With less than a week before polling places close on November 4, the Barack Obama campaign spent more than $3 million on a thirty-minute prime-time infomercial last night. The feel-good address included moving clips of Obama’s speeches set to music and documentary-style footage of families struggling with health care and mortgage payments.
When the subject turned to education, a small public high school in Thornton, the Mapleton Expeditionary School of the Arts, suddenly took center stage. "Now is not the time for small plans," Obama proclaimed in a clip from his acceptance speech at Invesco Field at Mile High during the Democratic National Convention. "Now is the time to finally meet our moral obligation to provide every child a world-class education…. I’ll recruit an army of new teachers and pay them higher salaries and give them more support, and in exchange I’ll ask for higher standards and more accountability."
The piece then cut to Obama talking straight to the camera.
"We can create schools that work, because I’ve seen it," he said. "Three years ago, only half the high school seniors at the Mapleton school in Thornton, Colorado, were accepted to college. But after a rigorous school reform program this year, all 44 seniors were accepted. And under my education plan, those students could get a tax credit to cover their tuition at public colleges and universities, in exchange for serving their community or their country."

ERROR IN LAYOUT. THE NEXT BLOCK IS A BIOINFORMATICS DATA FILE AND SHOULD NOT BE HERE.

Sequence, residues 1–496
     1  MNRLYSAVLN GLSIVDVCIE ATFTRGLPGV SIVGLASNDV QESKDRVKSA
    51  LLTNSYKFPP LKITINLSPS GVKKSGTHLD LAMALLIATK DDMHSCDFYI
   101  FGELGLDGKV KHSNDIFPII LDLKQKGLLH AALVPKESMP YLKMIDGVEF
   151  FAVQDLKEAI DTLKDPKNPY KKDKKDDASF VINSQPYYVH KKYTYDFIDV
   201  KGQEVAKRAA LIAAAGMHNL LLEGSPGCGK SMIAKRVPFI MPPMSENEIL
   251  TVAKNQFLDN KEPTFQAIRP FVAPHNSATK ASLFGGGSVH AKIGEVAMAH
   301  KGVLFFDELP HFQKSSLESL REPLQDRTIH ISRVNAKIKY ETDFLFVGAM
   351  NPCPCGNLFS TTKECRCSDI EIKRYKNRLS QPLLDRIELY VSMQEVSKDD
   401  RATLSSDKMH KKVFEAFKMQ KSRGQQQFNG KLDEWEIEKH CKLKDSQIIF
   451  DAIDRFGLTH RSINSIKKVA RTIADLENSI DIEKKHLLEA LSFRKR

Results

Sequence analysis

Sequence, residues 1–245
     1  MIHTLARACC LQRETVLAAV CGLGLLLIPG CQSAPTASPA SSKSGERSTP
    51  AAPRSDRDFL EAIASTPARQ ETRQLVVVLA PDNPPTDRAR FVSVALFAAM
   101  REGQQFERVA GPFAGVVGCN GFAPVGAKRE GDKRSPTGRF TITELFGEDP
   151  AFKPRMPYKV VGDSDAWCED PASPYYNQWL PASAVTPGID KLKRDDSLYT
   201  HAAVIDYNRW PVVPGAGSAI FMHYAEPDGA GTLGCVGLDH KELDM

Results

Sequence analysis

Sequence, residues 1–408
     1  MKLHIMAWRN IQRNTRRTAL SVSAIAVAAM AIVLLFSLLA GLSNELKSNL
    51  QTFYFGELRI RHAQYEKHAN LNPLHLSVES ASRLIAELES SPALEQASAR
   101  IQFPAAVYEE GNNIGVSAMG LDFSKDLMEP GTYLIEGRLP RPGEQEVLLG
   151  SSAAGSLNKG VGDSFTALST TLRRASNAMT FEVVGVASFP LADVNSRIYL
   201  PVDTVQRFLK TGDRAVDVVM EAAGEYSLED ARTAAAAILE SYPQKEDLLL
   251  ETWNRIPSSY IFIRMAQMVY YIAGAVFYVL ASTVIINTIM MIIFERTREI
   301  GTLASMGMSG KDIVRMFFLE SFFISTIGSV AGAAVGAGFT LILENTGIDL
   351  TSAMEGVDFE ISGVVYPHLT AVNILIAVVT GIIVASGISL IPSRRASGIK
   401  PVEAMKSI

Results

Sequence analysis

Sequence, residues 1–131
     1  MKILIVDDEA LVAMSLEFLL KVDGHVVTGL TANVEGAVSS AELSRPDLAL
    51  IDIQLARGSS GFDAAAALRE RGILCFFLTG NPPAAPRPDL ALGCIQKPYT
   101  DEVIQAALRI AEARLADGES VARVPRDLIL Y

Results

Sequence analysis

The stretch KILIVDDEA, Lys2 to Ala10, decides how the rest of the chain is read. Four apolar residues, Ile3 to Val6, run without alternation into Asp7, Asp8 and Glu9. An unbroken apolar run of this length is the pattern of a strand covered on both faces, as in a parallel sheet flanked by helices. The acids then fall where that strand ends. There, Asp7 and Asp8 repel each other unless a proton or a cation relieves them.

This wasn’t the first time Obama had elevated Mapleton to national prominence, as I reported in "Barack Obama Gives Principal Michael Johnston Extra Credit." This spring, his campaign named 33-year-old Mapleton Expeditionary School of the Arts principal Johnston one of the candidate’s three advisors on education. (Teacher recruitment, which Obama mentioned in his DNC speech, is a focus of Johnston’s work.) Then on May 28, Obama came to the Mapleton school to congratulate those seniors and unveil the details of his education plan to the media. At the time, he held MESA up "as an example of what’s possible in education if we’re willing to break free from the tired thinking and political stalemate that’s dominated Washington for decades."
That’s a lot for one school to live up to, but Obama actually understated Johnston’s achievement. Three years ago, it wasn’t just that fewer than half the kids at MESA were being accepted to college; only half of them were graduating from high school. – Jessica Centers